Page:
Being unemployed for several weeks and having no routine whatsoever has given me a(n) unique opportunity to observe myself doing what I want to do when I want to do it. During the day, I have nowhere to be particularly, so I'm free to waste my time in whatever way suits me at that moment. Sleep in a bit, read a book, paint my toes, make a batch of pico di gallo, update my LiveJournal with polls about wet socks, eat some walnuts, ya know, important stuff.
Anyhoo, I observed a trend which startled me: I can't stay focused on any given task for more than say, I dunno, 10-15 minutes. I get bored or distracted or my mind wanders and I go do something else, leaving that first thing unfinished. The same thing happens with the second task, until by dinnertime I have 87266 half-finished projects and my place looks like a disaster area. I try to get everything back in order before I go to bed, which is why I haven't been getting to sleep before sunrise for the last 10 days or so.
At first I was a little worried about this pattern I saw, but then I thought, "So what? I've always been infinitely more productive at night once I get my second wind." Sure, it sucks for my neighbors when I'm bashing apart three-pound blocks of Scharffen-Berger chocolate at 2:15am because I felt like making fudge, but ya know, when I'm inspired I gotta go with it, yo. :-)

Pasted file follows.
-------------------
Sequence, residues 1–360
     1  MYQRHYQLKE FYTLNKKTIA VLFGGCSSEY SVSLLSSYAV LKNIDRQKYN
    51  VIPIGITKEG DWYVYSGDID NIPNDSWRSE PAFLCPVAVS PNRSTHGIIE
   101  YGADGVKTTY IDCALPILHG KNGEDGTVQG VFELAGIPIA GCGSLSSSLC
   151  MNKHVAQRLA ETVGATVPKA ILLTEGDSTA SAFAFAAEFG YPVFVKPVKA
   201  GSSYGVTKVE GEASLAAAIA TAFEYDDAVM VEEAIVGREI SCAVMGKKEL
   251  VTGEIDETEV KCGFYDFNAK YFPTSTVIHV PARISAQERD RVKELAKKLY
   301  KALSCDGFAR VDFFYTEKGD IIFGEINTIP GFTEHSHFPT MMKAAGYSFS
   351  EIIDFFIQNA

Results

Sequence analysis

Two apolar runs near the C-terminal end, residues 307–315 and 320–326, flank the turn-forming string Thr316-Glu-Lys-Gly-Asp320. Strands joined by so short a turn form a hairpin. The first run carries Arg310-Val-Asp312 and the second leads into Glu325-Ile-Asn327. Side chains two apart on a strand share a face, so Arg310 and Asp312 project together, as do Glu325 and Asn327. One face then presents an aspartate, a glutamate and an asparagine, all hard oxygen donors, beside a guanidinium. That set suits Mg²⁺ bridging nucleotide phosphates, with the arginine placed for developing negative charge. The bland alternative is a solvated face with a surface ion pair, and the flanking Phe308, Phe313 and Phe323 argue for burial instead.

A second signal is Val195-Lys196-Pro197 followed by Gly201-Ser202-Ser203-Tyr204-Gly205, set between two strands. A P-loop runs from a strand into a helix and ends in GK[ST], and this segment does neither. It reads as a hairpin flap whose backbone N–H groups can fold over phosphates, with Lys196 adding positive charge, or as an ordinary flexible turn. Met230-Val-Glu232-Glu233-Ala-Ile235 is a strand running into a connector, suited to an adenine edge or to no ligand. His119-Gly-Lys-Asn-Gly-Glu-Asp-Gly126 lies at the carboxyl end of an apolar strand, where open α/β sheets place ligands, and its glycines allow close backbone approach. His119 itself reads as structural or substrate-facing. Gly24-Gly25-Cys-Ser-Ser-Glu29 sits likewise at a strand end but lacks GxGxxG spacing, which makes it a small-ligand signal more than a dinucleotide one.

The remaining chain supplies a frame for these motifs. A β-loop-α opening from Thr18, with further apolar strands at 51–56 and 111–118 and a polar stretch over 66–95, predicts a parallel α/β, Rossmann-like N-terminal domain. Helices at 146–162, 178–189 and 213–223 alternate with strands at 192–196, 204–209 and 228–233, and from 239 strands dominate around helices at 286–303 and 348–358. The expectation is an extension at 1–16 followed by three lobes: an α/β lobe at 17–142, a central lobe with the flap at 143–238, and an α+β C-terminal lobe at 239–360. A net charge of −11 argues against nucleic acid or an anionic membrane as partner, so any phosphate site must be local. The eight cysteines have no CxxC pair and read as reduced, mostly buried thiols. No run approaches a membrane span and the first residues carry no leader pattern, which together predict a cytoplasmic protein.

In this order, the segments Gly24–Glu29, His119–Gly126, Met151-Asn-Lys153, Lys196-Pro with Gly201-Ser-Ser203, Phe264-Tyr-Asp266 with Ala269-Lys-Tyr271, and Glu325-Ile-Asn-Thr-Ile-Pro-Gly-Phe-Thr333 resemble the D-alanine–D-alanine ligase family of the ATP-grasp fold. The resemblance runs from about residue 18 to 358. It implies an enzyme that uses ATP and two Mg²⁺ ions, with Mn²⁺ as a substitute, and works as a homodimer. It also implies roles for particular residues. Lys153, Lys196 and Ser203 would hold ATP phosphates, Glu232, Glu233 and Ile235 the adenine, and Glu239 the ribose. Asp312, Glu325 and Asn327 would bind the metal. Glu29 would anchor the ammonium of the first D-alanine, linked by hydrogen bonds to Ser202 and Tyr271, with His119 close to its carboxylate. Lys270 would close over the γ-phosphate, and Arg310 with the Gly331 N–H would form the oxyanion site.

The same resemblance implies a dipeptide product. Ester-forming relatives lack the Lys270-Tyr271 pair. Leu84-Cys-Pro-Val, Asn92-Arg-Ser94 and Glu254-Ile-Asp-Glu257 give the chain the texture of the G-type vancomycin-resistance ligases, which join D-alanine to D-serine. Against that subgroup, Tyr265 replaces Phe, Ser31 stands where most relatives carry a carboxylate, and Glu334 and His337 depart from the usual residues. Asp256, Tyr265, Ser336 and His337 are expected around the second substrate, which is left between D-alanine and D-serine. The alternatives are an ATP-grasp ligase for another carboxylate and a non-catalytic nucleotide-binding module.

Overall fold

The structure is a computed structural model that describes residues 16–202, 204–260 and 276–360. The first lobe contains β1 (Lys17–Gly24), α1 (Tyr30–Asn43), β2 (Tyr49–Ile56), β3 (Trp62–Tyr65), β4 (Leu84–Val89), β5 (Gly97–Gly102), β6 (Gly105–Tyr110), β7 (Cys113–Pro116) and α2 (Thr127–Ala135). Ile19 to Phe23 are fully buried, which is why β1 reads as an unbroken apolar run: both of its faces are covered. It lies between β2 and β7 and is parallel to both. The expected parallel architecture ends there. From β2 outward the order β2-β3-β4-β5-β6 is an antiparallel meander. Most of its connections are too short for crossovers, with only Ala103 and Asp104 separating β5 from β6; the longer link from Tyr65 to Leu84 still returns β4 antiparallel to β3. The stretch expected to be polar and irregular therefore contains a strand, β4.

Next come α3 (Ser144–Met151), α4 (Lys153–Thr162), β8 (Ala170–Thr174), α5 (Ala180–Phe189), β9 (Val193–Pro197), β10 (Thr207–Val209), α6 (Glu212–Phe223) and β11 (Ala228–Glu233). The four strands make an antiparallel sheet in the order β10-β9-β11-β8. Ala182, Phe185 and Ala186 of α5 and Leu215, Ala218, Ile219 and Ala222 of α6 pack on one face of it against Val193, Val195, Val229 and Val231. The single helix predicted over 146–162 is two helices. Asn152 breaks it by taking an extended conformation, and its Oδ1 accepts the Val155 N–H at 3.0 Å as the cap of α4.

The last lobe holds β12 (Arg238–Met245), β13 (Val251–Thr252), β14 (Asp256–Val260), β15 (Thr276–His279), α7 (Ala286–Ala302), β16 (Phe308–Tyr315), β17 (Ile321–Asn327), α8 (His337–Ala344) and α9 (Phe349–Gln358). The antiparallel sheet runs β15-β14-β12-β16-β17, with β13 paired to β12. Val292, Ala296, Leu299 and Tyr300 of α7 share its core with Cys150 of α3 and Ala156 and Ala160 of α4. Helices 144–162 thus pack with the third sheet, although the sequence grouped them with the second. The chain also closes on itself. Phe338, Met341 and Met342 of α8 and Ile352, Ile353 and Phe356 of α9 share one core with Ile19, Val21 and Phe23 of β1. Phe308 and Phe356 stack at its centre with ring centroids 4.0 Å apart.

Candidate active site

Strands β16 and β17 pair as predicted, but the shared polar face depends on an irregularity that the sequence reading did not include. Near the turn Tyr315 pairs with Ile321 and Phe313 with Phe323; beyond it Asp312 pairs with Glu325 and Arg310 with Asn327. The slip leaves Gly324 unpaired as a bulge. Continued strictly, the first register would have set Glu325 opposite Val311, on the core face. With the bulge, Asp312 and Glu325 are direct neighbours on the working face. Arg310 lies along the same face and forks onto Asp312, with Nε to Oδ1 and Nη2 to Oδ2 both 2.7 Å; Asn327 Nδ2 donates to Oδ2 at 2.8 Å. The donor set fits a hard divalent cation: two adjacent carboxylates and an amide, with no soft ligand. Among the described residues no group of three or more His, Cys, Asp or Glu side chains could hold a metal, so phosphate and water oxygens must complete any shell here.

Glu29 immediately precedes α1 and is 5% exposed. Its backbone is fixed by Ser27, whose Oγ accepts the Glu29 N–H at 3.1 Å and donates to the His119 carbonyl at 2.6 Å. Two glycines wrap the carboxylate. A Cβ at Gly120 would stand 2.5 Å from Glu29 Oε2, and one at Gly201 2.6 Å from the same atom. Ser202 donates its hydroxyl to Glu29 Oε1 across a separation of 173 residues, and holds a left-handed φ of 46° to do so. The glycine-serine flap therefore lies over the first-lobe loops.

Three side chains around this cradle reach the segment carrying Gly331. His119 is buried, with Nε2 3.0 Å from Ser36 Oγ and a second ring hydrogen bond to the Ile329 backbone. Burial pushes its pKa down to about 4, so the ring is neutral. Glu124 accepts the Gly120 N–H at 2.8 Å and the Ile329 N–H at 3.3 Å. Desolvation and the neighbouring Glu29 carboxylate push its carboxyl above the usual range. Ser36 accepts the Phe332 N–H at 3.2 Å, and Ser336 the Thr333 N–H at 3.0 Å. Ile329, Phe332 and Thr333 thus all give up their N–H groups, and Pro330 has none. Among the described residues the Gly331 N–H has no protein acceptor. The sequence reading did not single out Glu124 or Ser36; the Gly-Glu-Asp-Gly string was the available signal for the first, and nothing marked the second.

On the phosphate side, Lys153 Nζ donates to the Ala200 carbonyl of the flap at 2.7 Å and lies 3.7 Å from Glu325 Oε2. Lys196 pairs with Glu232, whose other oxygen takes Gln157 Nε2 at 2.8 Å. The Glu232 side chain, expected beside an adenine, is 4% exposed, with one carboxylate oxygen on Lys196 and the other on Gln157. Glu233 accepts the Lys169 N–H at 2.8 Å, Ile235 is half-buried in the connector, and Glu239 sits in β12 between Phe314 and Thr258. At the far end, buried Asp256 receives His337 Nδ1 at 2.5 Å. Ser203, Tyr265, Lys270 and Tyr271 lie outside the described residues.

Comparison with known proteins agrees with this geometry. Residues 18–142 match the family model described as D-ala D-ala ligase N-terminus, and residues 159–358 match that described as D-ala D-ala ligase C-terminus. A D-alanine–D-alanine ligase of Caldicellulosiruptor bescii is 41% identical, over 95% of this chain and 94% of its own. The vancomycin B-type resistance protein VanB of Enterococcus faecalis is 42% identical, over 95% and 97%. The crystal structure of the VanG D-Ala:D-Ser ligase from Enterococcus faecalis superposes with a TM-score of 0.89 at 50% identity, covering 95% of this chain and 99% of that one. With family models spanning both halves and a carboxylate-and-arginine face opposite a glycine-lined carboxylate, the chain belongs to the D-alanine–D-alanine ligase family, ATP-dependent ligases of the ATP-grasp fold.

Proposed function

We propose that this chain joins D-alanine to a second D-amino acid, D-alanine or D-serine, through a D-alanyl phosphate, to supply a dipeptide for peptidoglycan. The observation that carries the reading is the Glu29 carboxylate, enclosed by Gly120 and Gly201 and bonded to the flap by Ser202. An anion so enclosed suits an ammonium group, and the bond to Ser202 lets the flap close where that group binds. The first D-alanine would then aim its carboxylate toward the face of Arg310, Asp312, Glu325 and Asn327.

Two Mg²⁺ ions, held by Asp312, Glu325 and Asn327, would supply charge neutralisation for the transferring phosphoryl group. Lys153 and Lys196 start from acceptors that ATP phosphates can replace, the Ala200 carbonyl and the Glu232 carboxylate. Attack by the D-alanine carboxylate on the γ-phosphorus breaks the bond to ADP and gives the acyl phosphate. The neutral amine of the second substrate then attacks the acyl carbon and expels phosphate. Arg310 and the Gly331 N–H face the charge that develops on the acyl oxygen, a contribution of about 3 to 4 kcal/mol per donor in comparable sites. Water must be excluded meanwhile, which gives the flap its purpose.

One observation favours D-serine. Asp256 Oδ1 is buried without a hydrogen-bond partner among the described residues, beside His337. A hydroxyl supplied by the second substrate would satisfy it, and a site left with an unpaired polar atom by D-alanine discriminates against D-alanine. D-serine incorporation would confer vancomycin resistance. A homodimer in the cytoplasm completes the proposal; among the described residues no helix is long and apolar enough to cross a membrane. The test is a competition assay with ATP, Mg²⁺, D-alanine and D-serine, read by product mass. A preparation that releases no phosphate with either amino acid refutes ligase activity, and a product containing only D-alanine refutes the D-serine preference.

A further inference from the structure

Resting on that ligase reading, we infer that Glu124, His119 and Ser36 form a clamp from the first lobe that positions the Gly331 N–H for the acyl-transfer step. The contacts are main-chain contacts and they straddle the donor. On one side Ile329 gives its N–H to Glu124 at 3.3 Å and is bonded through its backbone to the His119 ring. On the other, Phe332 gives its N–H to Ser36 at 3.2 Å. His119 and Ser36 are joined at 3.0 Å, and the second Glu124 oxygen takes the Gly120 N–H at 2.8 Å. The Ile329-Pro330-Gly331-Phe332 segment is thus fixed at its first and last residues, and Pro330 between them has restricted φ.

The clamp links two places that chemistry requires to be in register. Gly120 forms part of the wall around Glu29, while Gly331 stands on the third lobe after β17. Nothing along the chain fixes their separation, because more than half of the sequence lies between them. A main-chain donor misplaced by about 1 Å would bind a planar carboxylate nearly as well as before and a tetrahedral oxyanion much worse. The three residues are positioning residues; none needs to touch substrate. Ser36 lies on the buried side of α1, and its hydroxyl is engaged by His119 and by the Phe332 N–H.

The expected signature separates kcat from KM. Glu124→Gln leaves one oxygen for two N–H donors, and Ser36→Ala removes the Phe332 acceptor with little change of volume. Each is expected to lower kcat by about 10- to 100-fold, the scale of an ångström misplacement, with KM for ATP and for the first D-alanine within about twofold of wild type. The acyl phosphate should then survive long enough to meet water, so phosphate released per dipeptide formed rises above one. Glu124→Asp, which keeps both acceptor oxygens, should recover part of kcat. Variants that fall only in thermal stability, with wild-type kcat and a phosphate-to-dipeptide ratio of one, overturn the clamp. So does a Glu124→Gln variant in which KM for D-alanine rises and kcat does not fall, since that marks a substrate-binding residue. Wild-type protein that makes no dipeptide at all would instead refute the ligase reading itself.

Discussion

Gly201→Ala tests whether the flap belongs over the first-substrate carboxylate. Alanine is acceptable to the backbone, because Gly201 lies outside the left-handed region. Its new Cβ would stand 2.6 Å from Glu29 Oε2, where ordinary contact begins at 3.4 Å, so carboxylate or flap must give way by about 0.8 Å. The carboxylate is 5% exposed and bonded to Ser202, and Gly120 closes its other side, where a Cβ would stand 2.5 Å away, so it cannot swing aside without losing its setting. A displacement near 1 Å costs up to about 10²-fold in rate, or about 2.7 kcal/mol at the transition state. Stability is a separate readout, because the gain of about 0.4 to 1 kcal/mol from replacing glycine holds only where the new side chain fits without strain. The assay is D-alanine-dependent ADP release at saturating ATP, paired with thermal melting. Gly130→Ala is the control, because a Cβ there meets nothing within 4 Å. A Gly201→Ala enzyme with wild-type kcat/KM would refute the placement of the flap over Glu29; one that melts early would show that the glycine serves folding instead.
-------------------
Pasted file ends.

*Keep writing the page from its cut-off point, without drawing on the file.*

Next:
It seems that all projects I do for myself are analogous to fireworks... a very enthusiastic beginning and then fleh. Projects I take on for others, however, are completed with excitement, fervor and patience. For example: I only fire up my stove/oven when baking/cooking for other people. I love cooking and baking: it's like edible chemistry projects-- what could be better? When I lived with Mosk, I'd cook damn good dinners every night with enthusiasm. But when I have nobody who needs feeding, it's microwave meal, protein shake or salad city for me. And it's not like I don't have the time to cook something really yummy for myself, and it's not like I don't think I'm worth the effort or something... it's just that... well, I just don't care.
In addition, (and not to bring up a totally beaten-to-death subject), if a task has the dubious "obligation" label placed on it by my brain, I can't muster the desire to get started on it. Once the deadline is moments away and a bitchslap is inevitable, then I get cracking and knock it out of the park. Every term paper was written this way and I always received high marks. I don't do things half-assed: my deliverables are spotless and I am proud of my work. But I can't help but think: If I cranked this thing out in 6 hours, imagine what I could have created had I paced myself over the three months I was originally allotted? (Frankly, I can't imagine the results being significantly better, but I've also never tried.)
On a whim, I browsed o'er to WebMD to see what the symptoms are for ADD. It said that adults with ADD were typically exhibiting symptoms as kids that went untreated. Welp, I do remember being in 2nd grade and my teacher would send notes home to my parents complaining about my "constant daydreaming." I should have just said to the teacher, "Look bizzle, I've already proven I know how to add up big numbers, so can you just piss off so I can think about Jawas while the other dopes in this class catch up?" (Something tells me that would have earned me another note home...)
According to WebMD, examples of symptoms of ADD include:
I don't think there's treatment for that.
|Fortune Teller Miracle Fish today tells me that I am: Indifferent. Ehh, give me 10-15 minutes and I'm sure I'll be something else. ;-)|